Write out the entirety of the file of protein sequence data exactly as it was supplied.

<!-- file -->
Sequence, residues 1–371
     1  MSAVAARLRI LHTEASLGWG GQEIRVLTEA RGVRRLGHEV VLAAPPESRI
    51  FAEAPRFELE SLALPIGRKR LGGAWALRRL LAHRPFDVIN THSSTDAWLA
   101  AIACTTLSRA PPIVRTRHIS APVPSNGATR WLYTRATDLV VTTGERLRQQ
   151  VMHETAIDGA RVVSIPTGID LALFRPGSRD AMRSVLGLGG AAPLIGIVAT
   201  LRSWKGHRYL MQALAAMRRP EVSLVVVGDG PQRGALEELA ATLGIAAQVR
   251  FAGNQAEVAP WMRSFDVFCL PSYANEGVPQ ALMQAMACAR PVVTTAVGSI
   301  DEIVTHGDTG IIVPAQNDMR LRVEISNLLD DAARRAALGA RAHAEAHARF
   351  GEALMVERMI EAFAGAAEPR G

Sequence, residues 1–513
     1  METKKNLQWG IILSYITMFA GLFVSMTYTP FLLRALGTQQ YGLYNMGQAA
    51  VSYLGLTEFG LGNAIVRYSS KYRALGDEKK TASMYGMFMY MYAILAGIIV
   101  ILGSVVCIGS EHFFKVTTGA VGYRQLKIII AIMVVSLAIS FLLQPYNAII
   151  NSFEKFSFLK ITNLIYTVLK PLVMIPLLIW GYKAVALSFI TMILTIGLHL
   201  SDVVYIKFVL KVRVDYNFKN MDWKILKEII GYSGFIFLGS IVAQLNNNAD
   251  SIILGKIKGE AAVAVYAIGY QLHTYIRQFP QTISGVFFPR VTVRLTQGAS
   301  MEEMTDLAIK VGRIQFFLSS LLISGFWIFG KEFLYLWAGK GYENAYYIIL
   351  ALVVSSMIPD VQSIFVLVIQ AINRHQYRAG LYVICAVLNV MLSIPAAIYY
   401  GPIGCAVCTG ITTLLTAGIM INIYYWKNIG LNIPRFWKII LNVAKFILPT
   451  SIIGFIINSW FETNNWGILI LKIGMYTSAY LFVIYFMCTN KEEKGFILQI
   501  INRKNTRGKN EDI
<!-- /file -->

Sequence, residues 1–371
     1  MSAVAARLRI LHTEASLGWG GQEIRVLTEA RGVRRLGHEV VLAAPPESRI
    51  FAEAPRFELE SLALPIGRKR LGGAWALRRL LAHRPFDVIN THSSTDAWLA
   101  AIACTTLSRA PPIVRTRHIS APVPSNGATR WLYTRATDLV VTTGERLRQQ
   151  VMHETAIDGA RVVSIPTGID LALFRPGSRD AMRSVLGLGG AAPLIGIVAT
   201  LRSWKGHRYL MQALAAMRRP EVSLVVVGDG PQRGALEELA ATLGIAAQVR
   251  FAGNQAEVAP WMRSFDVFCL PSYANEGVPQ ALMQAMACAR PVVTTAVGSI
   301  DEIVTHGDTG IIVPAQNDMR LRVEISNLLD DAARRAALGA RAHAEAHARF
   351  GEALMVERMI EAFAGAAEPR G

Sequence, residues 1–513
     1  METKKNLQWG IILSYITMFA GLFVSMTYTP FLLRALGTQQ YGLYNMGQAA
    51  VSYLGLTEFG LGNAIVRYSS KYRALGDEKK TASMYGMFMY MYAILAGIIV
   101  ILGSVVCIGS EHFFKVTTGA VGYRQLKIII AIMVVSLAIS FLLQPYNAII
   151  NSFEKFSFLK ITNLIYTVLK PLVMIPLLIW GYKAVALSFI TMILTIGLHL
   201  SDVVYIKFVL KVRVDYNFKN MDWKILKEII GYSGFIFLGS IVAQLNNNAD
   251  SIILGKIKGE AAVAVYAIGY QLHTYIRQFP QTISGVFFPR VTVRLTQGAS
   301  MEEMTDLAIK VGRIQFFLSS LLISGFWIFG KEFLYLWAGK GYENAYYIIL
   351  ALVVSSMIPD VQSIFVLVIQ AINRHQYRAG LYVICAVLNV MLSIPAAIYY
   401  GPIGCAVCTG ITTLLTAGIM INIYYWKNIG LNIPRFWKII LNVAKFILPT
   451  SIIGFIINSW FETNNWGILI LKIGMYTSAY LFVIYFMCTN KEEKGFILQI
   501  INRKNTRGKN EDI